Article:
Lisbon Military Museum

The Military Museum just might be Lisbon’s best-kept secret. Although it is the oldest museum in the city (dating back to 1842), it currently gets few visitors. It might be the subject matter or because the museum doesn’t have huge banners guiding you to the entrance. Despite the lack of marketing, the Lisbon Military Museum is a treasure to behold as soon as you step into the first room. Let’s take a look at the history behind the museum, the exhibits in display, and what you can expect from visiting. 


Lisbon’s Military Museum is housed in a grand building that formerly served as the Royal Arsenal. The museum began to be organized in 1842 for the purpose of storing and conserving war material. From 1851 to 1926, by royal decree of D. Maria II, it was renamed the Artillery Museum before acquiring its current name.

The museum has continued to expand its rooms and space for exhibition throughout the 20th century. In 1998, a space in the cellars opened up for cultural events and temporary exhibitions. Here, you can find the massive car that carried the columns of Rua Augusta Arch, one of Lisbon’s most famous structures.

Photo by Becky Gillespie


The Military Museum plays host to one of the largest collections of bronze artillery pieces in the world. Additional collections are spread over 33 different rooms, which are architectural treasures in themselves, designed in a baroque style. Many rooms are named after famous Portuguese explorers including Henry the Navigator and Vasco da Gama.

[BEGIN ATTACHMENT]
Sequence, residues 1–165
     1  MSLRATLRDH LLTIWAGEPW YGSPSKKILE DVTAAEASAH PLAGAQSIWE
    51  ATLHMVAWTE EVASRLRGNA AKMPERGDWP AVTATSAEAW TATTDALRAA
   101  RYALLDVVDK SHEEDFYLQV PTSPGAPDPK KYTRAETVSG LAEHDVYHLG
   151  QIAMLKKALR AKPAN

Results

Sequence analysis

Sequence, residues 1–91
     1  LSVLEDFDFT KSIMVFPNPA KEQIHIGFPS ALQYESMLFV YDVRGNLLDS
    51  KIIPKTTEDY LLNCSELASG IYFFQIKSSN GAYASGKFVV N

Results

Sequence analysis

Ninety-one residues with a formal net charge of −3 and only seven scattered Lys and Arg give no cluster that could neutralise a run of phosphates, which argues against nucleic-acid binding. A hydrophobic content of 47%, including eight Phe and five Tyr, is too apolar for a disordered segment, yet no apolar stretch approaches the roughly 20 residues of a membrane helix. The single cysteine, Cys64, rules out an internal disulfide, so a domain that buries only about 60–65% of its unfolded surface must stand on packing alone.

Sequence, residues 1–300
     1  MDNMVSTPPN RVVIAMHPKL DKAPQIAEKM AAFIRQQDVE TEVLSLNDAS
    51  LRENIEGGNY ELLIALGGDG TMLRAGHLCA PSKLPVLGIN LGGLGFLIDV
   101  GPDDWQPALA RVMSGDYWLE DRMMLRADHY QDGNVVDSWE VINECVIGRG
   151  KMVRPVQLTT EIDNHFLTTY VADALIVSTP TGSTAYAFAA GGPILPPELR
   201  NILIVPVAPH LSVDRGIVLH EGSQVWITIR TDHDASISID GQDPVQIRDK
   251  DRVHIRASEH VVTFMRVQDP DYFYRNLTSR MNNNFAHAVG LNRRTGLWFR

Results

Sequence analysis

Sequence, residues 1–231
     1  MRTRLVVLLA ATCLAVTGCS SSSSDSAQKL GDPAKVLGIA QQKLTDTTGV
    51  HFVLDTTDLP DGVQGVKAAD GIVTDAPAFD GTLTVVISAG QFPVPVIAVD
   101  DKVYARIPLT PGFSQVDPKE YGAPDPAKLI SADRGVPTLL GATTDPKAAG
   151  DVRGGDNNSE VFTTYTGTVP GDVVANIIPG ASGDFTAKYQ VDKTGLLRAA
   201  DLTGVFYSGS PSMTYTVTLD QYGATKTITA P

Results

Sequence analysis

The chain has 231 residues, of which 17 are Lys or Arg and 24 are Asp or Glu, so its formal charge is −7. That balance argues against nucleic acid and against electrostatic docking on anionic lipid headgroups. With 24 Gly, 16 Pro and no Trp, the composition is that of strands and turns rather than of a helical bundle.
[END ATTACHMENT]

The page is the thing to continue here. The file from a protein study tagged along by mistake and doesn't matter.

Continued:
The first room on the museum route sets the stage for what is to come. The massive cannons and large wall murals showcase Portugal’s maritime discoveries and remind visitors of the country’s influential past. The museum also displays ancient weapons from around the world in addition to a memorable collection of soldiers in uniforms across the decades sculpted by artist Rafael Bordalo Pinheiro. Be sure to check out one of the museum’s prized possessions: Vasco da Gama’s two-handed sword, standing as tall as a man.

Photo by Becky Gillespie

As you walk from room to room, you will notice that, unfortunately, almost everything is written only in Portuguese. Perhaps, this is another reason that the museum doesn’t get too many visitors. However, the impressive array of artifacts, including rare firearms, full suits of armor, and intricate battlefield maps, more than makeup for the language barrier. It will also quickly become evident that the building itself is worth the price of admission.

Photo by Becky Gillespie

How to Get to the Military Museum

The Lisbon Military Museum is in the square opposite Santa Apolónia Station, which is the last stop on the Lisbon Metro’s Blue Line.

R. Museu da Artilharia 51, 1100-366

Buses: #706, #712, #734, #728, #735, #759, #781, #782, #794

Visiting Times & Tickets 

The Lisbon Military Museum is open from Tuesday to Sunday from 10 am to 5 pm. It is closed on Mondays, January 1, April 25, May 1, Easter Sunday, June 10, June 13, August 15, October 5, November 1, December 1, December 8, and Christmas. Tickets cost 3 euros and credit cards are not accepted.

To check out more interesting museums in Lisbon, we recommend the Maritime Museum or the National Coach Museum

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